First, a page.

Art and People Under a Veil – The Broad

The Broad is an experience. A social experience. People discovering art, discovering other people. Moving around in all directions looking at art, shooting selfies with artworks as their background. There is no linear itinerary, no sequence to follow. Visitors interact with creations as they choose.
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The public is attracted from the street by the box’s sliced corner of the main entrance, which exposes a glass wall behind the porous skin. The lobby, which lacks ticket boxes since access is free, captures people’s attention with a cave-like ceiling that is penetrated by a 105-foot-long escalator. This oblique bridge pulls the public directly from the lobby to the third floor, bypassing the second floor’s vault, which contains the bulk of 2,000 artworks.
Art museums have become the pantheistic cathedrals of the Western world. No major city lacks a number of them. They celebrate self-expression by thousands of artists through self-expression by hundreds of architects. Partners Elisabeth Diller, Ricardo Scofidio and Charles Renfro of New York, the architects (of New York’s successful High Line) follow this trend.
Although The Broad is self-contained, in total contrast with Gehry’s Disney Hall’s dissonant Baroque, the building’s punctured boxy shape seems a three-dimensional logo or app that can be identified in seconds. This fabricated volume is called by the architects “the vault and the veil.” Only the “oculus,” an elliptic concave window facing Grand Avenue, accents the ornamental façade, reminiscent of Venice’s Doge Palace  central balcony.

Venice’s Dodge Palace, 1172–1178

The Broad, 2015

The veil frames people and artworks in an area 210 x 210 feet free of columns. The central space functions like an introverted piazza, where light is brought in uniformly, harvested by 318 north-facing skylights. At its center, a transparent elevator, the escalator and the stairs provide a clear point of reference. From there the visitor moves towards compartmentalized areas organized by periods or artists, which can be reshaped by a curator as may be needed.
Philanthropists Edythe and Eli Broad started to collect art in the 1960’s. Beginning with impressionist paintings, they switched their interests to New York-based Pop art. In the 1980’s they started to collect works by Los Angeles-based artists, and also important German artists’ works. The whole collection includes works by Lichtenstein, Koons, Baldessari, Cindy Sherman, Basquiat, Rauschenberg, Barbara Kruger, Ed Ruscha, Frank Stella, Andy Warhol, Cy Twombly and Bill Viola, among other two-hundred artists.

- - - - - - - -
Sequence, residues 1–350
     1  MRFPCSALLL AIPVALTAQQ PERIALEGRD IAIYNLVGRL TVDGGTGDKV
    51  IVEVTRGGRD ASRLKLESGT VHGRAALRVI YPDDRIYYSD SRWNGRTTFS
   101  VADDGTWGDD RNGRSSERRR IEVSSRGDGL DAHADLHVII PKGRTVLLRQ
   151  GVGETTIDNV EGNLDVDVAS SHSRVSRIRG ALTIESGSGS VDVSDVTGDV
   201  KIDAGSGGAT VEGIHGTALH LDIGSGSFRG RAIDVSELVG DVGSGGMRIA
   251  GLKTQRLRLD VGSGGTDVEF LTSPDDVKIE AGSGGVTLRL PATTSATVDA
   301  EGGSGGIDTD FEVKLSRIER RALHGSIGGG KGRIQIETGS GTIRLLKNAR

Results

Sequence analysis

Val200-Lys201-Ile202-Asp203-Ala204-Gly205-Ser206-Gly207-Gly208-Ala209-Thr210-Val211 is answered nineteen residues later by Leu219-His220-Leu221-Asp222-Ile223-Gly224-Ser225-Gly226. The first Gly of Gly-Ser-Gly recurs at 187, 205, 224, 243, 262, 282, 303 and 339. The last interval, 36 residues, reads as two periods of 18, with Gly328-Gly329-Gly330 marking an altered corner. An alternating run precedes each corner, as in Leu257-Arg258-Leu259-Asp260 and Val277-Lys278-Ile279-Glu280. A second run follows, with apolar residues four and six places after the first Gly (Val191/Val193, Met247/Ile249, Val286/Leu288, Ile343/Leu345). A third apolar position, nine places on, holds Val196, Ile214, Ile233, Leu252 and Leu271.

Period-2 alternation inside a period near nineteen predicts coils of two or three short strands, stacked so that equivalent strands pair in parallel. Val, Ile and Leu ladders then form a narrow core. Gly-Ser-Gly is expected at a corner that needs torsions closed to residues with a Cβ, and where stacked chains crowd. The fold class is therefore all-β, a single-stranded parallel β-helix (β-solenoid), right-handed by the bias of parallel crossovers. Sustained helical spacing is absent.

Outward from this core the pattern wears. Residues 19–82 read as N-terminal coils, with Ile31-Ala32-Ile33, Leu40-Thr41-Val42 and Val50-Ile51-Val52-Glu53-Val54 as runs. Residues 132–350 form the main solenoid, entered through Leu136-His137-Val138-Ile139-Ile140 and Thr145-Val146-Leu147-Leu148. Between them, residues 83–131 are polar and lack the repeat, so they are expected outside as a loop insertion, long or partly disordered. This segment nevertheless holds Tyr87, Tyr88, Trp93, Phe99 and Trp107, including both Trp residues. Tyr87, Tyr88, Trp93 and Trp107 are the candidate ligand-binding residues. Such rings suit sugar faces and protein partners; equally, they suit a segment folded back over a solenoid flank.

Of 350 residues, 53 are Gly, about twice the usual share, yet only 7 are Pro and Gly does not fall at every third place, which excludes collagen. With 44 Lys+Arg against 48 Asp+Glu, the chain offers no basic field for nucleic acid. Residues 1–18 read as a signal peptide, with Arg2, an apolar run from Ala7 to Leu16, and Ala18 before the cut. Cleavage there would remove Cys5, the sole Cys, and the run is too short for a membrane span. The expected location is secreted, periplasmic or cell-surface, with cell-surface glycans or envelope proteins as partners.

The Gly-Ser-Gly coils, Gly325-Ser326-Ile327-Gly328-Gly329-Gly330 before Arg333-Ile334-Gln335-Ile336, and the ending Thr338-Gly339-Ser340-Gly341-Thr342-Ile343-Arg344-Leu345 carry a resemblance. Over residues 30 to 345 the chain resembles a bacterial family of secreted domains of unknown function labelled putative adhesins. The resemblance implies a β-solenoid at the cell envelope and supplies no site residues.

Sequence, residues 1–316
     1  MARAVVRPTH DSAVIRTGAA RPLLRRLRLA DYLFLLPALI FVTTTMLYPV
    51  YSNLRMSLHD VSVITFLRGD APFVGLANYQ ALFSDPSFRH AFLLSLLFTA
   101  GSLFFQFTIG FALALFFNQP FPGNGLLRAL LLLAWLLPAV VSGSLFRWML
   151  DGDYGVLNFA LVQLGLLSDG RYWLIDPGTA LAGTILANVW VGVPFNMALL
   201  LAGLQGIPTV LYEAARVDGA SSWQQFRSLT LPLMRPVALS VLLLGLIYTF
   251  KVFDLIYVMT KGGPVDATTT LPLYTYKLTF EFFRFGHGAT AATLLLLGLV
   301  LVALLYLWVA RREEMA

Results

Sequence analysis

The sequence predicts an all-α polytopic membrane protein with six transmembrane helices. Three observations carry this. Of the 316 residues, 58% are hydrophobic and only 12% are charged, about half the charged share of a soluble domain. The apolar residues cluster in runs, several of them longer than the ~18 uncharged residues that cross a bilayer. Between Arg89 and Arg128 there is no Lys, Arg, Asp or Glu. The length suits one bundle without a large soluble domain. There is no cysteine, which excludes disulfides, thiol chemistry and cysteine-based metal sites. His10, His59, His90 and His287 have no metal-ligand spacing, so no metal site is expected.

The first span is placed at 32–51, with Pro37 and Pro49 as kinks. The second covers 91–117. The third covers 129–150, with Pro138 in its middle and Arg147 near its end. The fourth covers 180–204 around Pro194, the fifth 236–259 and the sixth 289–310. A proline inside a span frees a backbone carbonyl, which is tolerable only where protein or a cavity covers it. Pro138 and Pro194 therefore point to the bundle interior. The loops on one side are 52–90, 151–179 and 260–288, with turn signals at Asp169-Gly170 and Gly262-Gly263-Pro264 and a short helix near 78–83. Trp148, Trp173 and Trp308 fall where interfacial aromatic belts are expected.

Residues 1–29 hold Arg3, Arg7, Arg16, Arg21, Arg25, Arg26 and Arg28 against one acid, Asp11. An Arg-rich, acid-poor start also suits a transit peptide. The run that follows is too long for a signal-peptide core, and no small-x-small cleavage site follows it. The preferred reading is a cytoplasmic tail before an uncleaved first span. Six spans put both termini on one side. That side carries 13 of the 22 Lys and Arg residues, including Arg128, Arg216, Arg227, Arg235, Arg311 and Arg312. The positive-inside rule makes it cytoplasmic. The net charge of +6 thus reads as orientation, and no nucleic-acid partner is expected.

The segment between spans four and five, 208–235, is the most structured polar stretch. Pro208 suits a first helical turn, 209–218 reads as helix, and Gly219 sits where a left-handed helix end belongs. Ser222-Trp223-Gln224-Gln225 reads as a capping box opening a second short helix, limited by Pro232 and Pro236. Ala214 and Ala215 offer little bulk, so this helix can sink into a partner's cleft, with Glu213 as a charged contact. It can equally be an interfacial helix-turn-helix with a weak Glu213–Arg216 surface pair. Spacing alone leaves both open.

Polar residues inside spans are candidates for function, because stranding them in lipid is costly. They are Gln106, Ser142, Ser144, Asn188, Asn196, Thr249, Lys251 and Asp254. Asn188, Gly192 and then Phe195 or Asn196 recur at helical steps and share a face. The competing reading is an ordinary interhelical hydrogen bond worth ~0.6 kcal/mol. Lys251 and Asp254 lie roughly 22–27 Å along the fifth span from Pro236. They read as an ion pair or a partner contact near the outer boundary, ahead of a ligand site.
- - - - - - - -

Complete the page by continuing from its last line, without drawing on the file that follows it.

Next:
The building sits on one acre of land and totals 120,000 square feet. Built in five years at a cost of $140 million, its galleries total 50,000 square feet, 35,000 on the third floor and 15,000 on the first. The vault has an area of 21,000 square-feet. The second floor concrete slab cantilevers 45-feet over the lobby, while the roof has a 40-foot cantilever over the third-floor gallery.
The whole building stands over a three-story subterranean parking garage with 344 parking spaces. The elevators from the parking floors, rather than bringing the visitor directly into the lobby, open into a plaza animated by 100-year-old Barouni olive trees, where people can take a casual break to eat on the grass or read a book.
Bunker Hill’s Grand Avenue, already marked by significant architecture, has now a new urban presence. Within a few blocks, it is accompanied  by high-caliber siblings such as the Cathedral of Our Lady of the Angels, the Ahmanson Theater, the Dorothy Chandler Pavilion, the Grand Park, the Walt Disney Concert Hall, the Colburn School, MOCA and  the Grand Arts High School. The spiritual aspect of the Broad’s rational architecture is in the way it frames the spectator’s dialogue with the artists’ demons under a bath of light.

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